Tattoos: Rebellion or Conformity?
by Theodore Dalrymple
According to an article in the New England Journal of Medicine, the percentage of adults in America with tattoos rose from 14 to 21 per cent between 2008 and 2012. This enormous increase (which started well before 2008, of course) is international, at least in the western world. In Britain, the percentage of the population with a tattoo is even higher than in America; even the Prime Minister’s wife, Sarah Cameron, has one. And, according to the French newspaper Libération, there were only 400 professional tattooists in France ten years ago, but now there are 4000
Why do people adorn, or mutilate, themselves in this way? And why the dramatic increase in the numbers choosing to do so? When I first noticed the trend about twenty years ago, tattoos were largely confined to certain groups more or less marginalised: sailors and criminals. The association in our societies between crime and tattoos has been long recognised: the Italian doctor, anthropologist, and criminologist, Cesare Lombroso (1835 – 1909) wrote about it. When I started to work in a prison I noticed that upwards of 90 per cent of white British prisoners were tattooed, far more than in the general population or even in that part of the population from which they came. In my childhood, a man only lightly more tattooed that David Beckham, the famous soccer player, used to exhibit himself a freak to astonished and amused passers-by in Hyde Park in London.
When I first noticed the ascent of tattoos into the middle classes, which was gradual at first, I assumed that it was a political statement, a kind if identification with the marginalised. If criminals, for example, were really victims of society, then to imitate them was a kind of demonstration of solidarity with them. A tattoo was therefore a sign of political virtue andgenerosity of spirit. And it was an act of rebellion against a generation of parents who had once rebelled themselves.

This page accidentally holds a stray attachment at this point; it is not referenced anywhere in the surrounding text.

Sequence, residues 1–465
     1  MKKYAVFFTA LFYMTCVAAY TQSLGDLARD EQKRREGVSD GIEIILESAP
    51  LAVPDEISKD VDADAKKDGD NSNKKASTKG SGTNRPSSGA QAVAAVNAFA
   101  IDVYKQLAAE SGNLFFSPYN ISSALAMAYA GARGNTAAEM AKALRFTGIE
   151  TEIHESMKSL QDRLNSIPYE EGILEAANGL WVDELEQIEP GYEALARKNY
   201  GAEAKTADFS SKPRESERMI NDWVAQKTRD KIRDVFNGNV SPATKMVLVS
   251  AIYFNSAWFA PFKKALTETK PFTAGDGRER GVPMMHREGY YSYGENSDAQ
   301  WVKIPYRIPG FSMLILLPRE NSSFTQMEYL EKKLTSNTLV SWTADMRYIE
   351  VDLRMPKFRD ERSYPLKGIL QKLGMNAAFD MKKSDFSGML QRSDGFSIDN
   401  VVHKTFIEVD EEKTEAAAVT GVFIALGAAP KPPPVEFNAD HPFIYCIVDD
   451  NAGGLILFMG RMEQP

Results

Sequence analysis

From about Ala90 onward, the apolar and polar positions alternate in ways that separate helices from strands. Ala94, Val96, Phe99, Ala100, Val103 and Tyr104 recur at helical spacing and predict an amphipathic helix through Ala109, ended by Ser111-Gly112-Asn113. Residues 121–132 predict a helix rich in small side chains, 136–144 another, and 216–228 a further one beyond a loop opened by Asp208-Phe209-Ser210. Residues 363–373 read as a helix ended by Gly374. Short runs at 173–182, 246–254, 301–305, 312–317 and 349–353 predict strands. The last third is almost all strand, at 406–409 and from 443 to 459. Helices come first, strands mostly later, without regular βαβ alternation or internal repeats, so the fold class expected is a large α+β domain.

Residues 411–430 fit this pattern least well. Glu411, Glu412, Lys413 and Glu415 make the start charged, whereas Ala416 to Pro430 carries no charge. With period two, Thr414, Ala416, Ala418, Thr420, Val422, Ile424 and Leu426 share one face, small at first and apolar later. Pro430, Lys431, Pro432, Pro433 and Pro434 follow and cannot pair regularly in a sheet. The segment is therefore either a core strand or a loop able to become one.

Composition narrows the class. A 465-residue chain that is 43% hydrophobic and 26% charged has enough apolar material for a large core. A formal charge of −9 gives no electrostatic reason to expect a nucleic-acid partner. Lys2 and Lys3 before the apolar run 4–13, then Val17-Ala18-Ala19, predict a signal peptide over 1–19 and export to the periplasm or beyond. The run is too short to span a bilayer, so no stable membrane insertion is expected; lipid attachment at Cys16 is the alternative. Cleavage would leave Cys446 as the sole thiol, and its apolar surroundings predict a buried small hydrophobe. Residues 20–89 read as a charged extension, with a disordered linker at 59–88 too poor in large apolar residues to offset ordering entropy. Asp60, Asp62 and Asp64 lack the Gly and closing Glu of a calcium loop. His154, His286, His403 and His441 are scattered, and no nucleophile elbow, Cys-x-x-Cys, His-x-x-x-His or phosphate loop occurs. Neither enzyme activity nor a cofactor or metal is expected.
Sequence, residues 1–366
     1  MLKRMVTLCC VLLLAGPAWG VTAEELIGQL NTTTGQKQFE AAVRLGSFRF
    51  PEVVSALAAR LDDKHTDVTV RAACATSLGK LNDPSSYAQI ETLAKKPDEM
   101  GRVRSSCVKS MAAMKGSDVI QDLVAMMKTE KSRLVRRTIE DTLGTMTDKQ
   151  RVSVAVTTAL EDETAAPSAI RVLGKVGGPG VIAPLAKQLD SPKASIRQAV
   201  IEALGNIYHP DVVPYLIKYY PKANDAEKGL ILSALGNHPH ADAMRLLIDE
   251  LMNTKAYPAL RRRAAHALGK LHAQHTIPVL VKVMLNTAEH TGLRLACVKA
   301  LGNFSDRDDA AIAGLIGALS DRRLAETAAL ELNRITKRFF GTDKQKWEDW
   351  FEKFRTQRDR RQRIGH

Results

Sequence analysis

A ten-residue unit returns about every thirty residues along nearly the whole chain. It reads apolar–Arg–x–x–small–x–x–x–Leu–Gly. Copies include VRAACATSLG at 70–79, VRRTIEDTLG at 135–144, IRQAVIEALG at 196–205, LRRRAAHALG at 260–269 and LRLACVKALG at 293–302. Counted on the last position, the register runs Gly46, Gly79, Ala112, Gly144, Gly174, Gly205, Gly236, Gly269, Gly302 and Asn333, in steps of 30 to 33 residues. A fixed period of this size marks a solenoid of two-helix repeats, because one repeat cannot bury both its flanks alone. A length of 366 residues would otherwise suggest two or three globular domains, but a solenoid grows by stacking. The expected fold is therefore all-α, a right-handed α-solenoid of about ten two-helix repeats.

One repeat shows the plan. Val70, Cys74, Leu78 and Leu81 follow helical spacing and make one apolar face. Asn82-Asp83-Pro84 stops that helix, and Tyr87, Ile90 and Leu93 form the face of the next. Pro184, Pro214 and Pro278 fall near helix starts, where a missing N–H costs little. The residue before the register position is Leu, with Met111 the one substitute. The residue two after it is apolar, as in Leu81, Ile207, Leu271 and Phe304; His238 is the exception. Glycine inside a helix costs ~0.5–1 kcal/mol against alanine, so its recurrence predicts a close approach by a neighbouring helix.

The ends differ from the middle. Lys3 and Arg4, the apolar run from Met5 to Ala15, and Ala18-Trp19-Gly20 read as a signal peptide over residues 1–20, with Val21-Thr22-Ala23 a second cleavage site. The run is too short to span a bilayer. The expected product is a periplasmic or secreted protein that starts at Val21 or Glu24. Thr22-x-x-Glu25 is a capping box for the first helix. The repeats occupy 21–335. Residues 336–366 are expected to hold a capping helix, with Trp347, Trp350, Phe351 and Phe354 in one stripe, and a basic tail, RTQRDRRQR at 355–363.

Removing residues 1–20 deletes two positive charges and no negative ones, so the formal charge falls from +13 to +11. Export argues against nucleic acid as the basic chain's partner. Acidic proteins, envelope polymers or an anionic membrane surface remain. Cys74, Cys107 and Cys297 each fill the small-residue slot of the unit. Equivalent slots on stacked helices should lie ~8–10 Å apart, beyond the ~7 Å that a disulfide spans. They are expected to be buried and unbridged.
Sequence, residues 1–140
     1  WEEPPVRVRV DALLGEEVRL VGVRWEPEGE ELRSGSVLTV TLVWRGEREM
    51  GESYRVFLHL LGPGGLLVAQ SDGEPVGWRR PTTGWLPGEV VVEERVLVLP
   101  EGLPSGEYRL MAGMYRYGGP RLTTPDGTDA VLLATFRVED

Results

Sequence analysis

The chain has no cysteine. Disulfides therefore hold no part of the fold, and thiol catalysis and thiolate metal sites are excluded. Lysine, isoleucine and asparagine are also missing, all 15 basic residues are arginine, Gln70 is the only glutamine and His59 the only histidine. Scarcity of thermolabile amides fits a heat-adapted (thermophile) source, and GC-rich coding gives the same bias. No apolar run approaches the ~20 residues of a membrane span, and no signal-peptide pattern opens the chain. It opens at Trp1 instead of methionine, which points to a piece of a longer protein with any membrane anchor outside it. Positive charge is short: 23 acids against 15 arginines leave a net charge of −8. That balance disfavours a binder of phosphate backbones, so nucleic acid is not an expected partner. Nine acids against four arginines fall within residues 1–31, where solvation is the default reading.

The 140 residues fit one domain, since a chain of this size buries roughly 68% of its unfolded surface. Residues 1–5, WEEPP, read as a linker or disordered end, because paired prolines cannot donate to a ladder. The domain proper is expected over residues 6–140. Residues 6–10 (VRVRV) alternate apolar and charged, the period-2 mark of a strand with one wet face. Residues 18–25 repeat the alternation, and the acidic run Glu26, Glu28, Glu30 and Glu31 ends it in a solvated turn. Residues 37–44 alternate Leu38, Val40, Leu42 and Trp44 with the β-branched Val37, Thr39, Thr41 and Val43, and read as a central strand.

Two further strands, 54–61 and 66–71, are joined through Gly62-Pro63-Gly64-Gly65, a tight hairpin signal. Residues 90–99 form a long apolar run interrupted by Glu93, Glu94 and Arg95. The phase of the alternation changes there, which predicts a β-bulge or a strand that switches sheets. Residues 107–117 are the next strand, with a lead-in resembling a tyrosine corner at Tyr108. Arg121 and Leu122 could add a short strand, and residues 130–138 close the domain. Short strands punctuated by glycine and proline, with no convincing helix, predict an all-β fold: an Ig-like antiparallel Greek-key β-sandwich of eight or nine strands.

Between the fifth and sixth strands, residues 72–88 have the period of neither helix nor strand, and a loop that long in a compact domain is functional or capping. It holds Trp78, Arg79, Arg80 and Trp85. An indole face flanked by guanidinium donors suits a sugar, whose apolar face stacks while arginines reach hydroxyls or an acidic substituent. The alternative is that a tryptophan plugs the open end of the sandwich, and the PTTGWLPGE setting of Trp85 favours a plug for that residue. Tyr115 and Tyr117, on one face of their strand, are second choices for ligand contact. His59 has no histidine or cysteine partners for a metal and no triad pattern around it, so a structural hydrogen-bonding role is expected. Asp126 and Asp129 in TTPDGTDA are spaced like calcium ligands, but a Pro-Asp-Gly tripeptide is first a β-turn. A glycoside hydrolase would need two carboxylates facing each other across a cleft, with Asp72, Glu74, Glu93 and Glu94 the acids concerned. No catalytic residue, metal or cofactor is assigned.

Before long, however, the numbers having tattoos were so large that this explanation no longer satisfied me – and might never have been wholly true. Not only were more people getting tattooed, but the tattoos themselves were become larger, more elaborate, multiple and multicoloured. The criminals in the prison when I started working there were often self-tattooed, with crude designs the most elaborate of which was a policeman hanging from a lamp-post. Now professional tattooists exercise their trade with considerable skill, though everything they do strikes me as kitsch. So-called body-art (in my opinion) is body-kitsch: and something that is not worth doing is not worth doing well. Skilled bad taste is to me worse than bad taste alone.
Whatever the aesthetic evaluation of tattoos, however, their rapid spread in the population still requires explanation. Why have so many people suddenly acquired tattoos?
I cannot pretend to have the answer. Shortly after the vogue had started, I read a book by an American academic about tattooing in western societies who described herself as one of the ‘tattooed community,’ as she might have spoken of ‘we philatelists’ or the ‘Bahai community.’ There was a sense of them and us in the book, almost of a group under siege by the unrighteous or unenlightened.
She spoke also of the need of the tattooed to express themselves and their individuality. It was as if they believed I the following pseudo-syllogism:
Every tattoo is unique.
I have a tattoo.
Therefore I am unique.
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